Ed Department Reminds Schools Of IDEA Obligations During Pandemic
With an unprecedented school year underway, federal officials are weighing in yet again on how educators ought to be serving students with disabilities during the COVID-19 pandemic.
The U.S. Department of Education issued two question-and-answer documents last week offering further clarification on how the Individuals with Disabilities Education Act and other laws should be implemented while the nation grapples with the coronavirus.
The agency has now offered guidance at least a half-dozen times since March on how services for those with disabilities should proceed amid the pandemic. The Education Department said the latest information comes in response to inquiries it has received.
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Above all, federal officials used the new guidance as another opportunity to impress upon educators their continued responsibilities under IDEA.
“No matter what primary instructional delivery approach is chosen, (state educational agencies, school districts) and individualized education program (IEP) teams remain responsible for ensuring that a free appropriate public education (FAPE) is provided to all children with disabilities,” reads a Q&A document issued by the Office of Special Education and Rehabilitative Services’ Office of Special Education Programs.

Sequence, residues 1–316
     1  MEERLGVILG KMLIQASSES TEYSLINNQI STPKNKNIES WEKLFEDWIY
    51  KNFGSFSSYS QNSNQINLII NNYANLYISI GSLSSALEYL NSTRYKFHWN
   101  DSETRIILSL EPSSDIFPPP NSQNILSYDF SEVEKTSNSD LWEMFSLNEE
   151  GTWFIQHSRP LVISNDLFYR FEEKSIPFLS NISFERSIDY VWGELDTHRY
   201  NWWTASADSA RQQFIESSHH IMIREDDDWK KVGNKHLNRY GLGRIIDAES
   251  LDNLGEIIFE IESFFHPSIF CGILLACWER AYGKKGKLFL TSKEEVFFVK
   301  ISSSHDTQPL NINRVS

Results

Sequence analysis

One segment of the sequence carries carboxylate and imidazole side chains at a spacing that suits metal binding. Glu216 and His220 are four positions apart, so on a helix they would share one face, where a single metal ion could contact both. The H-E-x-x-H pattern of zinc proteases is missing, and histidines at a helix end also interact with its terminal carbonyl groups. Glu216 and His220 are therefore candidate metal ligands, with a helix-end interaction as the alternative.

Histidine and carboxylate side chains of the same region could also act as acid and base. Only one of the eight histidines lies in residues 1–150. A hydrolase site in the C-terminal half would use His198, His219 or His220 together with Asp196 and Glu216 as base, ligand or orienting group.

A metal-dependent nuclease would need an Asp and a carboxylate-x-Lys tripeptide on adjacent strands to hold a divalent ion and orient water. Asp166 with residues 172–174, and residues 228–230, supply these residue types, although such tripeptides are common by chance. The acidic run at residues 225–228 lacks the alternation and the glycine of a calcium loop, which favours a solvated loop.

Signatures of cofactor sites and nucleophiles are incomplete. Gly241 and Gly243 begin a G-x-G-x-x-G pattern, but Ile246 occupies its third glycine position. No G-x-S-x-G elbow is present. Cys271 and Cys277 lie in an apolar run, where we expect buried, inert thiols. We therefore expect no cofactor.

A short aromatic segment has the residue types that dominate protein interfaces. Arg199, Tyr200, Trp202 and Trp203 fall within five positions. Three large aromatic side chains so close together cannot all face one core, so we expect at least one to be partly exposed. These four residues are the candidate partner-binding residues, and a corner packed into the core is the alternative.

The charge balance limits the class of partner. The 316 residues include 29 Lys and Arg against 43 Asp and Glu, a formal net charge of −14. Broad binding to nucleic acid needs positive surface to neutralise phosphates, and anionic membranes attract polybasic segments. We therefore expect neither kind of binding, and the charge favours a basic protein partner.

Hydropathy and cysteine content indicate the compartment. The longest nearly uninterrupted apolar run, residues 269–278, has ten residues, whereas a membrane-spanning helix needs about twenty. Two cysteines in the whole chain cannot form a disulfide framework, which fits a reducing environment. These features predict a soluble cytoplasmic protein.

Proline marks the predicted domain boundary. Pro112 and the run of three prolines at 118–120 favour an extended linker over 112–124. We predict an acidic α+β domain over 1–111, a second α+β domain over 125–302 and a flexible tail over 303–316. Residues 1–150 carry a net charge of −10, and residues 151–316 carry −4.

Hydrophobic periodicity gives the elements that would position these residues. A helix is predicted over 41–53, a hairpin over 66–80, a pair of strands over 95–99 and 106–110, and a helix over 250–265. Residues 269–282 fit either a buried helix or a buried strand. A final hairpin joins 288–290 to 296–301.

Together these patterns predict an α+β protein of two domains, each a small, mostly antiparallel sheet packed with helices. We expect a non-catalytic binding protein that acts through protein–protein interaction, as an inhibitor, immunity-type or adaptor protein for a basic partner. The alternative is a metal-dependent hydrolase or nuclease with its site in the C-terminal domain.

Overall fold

IEP teams should consider a variety of ways that services can be provided, particularly given that changing circumstances may force children to move between in-person, remote and hybrid schedules as the school year goes on, the Education Department said.
What’s more, in cases where extended school year services were not delivered over the summer because of the pandemic, schools should factor whether the offerings can be provided during the school year or during breaks or vacations, according to the guidance.
The agency’s special education office also addressed some procedural issues like who should attend IEP meetings, when the IEP amendment process can be utilized and considerations for both initial evaluations and reevaluations.
Meanwhile, a separate Q&A document from the Education Department’s Office for Civil Rights indicates that schools may choose to prioritize in-person learning for students with disabilities, but whether or not such priority is required “will depend on an individualized determination of the student’s educational and disability-related needs.”
The civil rights office also clarified several points related to services provided under Section 504 of the Rehabilitation Act and spelled out how schools should handle cases where students with disabilities are unable to wear face coverings.
Districts should “make reasonable modifications in their policies, practices or procedures — including any addressing the use of face coverings — when those modifications can be made consistent with the health, safety and well-being of all students and staff, and are necessary to avoid discrimination on the basis of disability,” the Q&A document indicates.
Like other guidance, the Education Department said that the newly-released documents do not establish any rights or policies, but simply serve as the agency’s interpretation of existing laws.